Paragraph on There Is No Virtue Like Necessity

Outline:

  • What does this saying mean exactly? Give examples.
  • Illustrate by one striking instance.
  • How do lives of the great bear this out?
  • Conclusion; it is difficult that – encourages action.

There are many ways of stating the truth that is contained in the title of this essay. One is the proverb, “Necessity is the mother of invention,” which is very old indeed; and Shakespeare wrote in one play, “Sweet are the uses of adversity.” But all illustrate the same fact that is seen in daily life, that it is difficulty and need which spur men on to action, and make them capable of achievements which would otherwise bave seemed impossible. The crow in the fable illustrates this. The bird wanted to drink from a jar with a narrow neck, but the water was at too low a level. After much thought, he threw a number of small stones into the water till it rose up in the neck of the jar and he was able to drink. The need had stimulated the powers of thinking and invention, so it is with men.

A certain illustration was seen in the terrible danger which met the Allies in the Second World War, the magnetic mine. This was a powerful bomb, filled with explosive, and lying on the floor of the sea. But it was magnetised, and, when a steel ship passed over, the magnetic mine rose up to the ship and sank it. Great were the losses till the scientists sat down and attacked the problem. They devised anti-magnetic belt for each ship to demagnetise it or destory the magnetic attraction which the steel of the ship had for the mine. The problem had been solved in the face of necessity, and ships were able to sail on in safety.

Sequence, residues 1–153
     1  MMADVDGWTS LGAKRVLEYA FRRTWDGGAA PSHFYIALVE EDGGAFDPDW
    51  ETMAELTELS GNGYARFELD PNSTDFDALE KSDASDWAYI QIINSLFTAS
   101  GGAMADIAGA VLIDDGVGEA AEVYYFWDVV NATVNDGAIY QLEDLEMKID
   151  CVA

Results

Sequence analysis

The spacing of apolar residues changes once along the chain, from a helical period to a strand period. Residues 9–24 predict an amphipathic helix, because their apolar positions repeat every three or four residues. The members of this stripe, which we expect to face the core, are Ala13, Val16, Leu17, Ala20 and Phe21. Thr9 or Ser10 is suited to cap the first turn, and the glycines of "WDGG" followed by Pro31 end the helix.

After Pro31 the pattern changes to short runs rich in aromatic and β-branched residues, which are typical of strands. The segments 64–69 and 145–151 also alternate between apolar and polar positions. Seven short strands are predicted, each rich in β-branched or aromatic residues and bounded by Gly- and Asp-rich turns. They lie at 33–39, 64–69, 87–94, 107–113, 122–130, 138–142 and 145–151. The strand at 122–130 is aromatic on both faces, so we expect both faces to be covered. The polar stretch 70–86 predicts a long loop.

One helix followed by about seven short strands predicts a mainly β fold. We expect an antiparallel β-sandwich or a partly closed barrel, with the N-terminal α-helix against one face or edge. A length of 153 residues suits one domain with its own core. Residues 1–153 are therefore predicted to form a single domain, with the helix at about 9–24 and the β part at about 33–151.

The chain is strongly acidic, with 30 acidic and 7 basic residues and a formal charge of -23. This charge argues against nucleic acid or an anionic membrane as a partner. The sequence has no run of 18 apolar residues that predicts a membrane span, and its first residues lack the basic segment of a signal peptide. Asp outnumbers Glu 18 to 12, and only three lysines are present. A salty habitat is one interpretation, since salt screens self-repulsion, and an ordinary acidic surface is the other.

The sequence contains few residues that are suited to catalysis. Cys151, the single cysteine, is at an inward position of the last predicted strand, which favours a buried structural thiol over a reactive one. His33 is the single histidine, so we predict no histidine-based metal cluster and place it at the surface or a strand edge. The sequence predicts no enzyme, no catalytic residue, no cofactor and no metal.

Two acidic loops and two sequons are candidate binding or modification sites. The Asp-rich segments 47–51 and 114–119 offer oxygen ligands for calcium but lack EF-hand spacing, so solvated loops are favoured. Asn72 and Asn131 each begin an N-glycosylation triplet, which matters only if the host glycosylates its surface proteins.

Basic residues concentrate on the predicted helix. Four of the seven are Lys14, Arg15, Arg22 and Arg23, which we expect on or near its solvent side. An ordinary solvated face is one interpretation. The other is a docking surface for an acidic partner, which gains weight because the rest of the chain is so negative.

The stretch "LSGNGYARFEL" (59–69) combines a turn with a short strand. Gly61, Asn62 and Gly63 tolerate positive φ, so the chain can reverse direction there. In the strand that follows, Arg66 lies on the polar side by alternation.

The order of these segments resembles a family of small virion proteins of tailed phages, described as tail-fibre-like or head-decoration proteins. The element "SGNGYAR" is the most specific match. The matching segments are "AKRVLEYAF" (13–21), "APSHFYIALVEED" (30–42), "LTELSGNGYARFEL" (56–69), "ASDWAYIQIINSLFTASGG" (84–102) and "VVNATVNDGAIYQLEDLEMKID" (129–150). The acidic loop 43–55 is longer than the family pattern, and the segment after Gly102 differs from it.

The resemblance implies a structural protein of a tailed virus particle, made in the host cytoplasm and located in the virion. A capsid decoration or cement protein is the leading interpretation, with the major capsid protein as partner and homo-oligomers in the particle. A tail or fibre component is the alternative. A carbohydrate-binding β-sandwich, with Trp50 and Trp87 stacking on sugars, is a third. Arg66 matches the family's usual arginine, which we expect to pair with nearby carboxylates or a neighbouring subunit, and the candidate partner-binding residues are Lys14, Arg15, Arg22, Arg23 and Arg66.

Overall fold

If we study the lives of great men, it will be found that, practically without exception, they were lives of difficulty and danger. No sooner was one obstacle overcome, no sooner was one problem solved; than another arose to confront them. There would be a period of halt, of consideration, while the mind confronted the difficulties and then the solution would be found. The hour of danger and difficulty had found the man who could lead the people past it. The need had sharpened their inventive powers.

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This illustrated, to a great extent, in the lives and characteristic of nations. The people who live in a fertile land, producing crops without difficulty and having a climate where one can dispense with clothing, even with houses, have no incentive to effort. This is seen in the case of the light hearted South-Sea Islanders. Fruits are there is abundance for the taking, and fish are swarming in the ‘sea, so they eat with little effort and sleep most of the time. But the Laplander has to fight continually or a living in his land of ice and snow, and so develops a stern and determined type of character. There is no doubt that hard necessity is the great tonic which develops the mind of men and make them strong.

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